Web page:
Histamine N-methyltransferase

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histamine N-methyltransferase
Identifiers
EC number CAS number IntEnz BRENDA ExPASy KEGG MetaCyc metabolic pathway
PRIAM PDB structures PDBsum
Gene Ontology EGO

Histamine N-methyltransferase (HMT, HNMT) is an enzyme that in humans is encoded by the HNMT gene.[1]

Histamine N-methyltransferase is one of two enzymes involved in the metabolism of histamine. The other being diamine oxidase. Histamine N-methyltransferase catalyzes the methylation of histamine in the presence of S-adenosylmethionine (SAM) forming N-methylhistamine. HMT is present in most body tissues but is not present in serum.[2] Histamine N-methyltransferase is encoded by a single gene which has been mapped to chromosome 2.

Function

In mammals, histamine is metabolized by two major pathways: N(tau)-methylation via histamine N-methyltransferase and oxidative deamination via diamine oxidase. This gene encodes the first enzyme which is found in the cytosol and uses S-adenosyl-L-methionine as the methyl donor. In the mammalian brain, the neurotransmitter activity of histamine is controlled by N(tau)-methylation as diamine oxidase is not found in the central nervous system. A common genetic polymorphism affects the activity levels of this gene product in red blood cells.[1]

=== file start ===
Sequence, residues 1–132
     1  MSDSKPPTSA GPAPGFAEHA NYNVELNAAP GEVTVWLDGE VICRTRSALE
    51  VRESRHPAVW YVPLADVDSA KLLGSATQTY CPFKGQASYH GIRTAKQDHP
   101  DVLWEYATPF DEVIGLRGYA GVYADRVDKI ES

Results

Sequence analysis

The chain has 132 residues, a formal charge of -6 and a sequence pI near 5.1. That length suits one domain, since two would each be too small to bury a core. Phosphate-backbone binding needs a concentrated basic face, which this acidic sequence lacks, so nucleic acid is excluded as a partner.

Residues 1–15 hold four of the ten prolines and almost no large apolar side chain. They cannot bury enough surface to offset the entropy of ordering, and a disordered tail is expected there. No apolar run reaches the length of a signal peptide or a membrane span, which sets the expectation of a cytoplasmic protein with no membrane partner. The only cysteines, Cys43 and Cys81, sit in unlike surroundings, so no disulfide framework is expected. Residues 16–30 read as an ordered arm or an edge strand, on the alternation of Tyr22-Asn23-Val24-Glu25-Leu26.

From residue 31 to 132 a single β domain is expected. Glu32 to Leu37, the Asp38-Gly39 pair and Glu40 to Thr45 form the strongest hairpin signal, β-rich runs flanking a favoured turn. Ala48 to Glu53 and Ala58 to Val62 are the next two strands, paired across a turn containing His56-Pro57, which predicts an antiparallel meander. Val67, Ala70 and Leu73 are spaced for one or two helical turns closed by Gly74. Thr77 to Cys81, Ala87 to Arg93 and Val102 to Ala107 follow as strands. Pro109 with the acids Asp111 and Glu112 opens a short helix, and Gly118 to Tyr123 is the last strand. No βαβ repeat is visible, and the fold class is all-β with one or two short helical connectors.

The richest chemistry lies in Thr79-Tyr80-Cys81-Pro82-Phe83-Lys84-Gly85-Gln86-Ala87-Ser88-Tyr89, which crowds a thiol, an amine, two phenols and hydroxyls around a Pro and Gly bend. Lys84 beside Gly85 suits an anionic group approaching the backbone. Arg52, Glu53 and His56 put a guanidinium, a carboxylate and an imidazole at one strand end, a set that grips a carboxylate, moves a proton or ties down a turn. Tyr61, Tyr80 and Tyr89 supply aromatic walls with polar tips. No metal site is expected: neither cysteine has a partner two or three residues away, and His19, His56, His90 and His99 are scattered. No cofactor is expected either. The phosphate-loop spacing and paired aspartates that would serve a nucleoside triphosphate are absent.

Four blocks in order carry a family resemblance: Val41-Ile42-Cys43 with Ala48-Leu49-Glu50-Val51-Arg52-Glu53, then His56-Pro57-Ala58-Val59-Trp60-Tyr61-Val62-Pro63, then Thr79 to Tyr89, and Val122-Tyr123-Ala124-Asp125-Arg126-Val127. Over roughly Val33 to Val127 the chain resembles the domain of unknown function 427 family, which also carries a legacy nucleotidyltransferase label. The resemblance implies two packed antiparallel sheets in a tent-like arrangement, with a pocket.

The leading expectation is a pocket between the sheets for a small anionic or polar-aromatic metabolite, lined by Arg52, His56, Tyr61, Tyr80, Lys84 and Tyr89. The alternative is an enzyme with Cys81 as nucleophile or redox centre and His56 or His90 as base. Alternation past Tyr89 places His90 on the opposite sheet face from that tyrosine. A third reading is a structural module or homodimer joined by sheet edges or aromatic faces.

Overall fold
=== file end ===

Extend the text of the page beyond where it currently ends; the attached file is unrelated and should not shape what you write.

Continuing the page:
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  • Medical Subject Headings (MeSH)

This article incorporates text from the United States National Library of Medicine, which is in the public domain.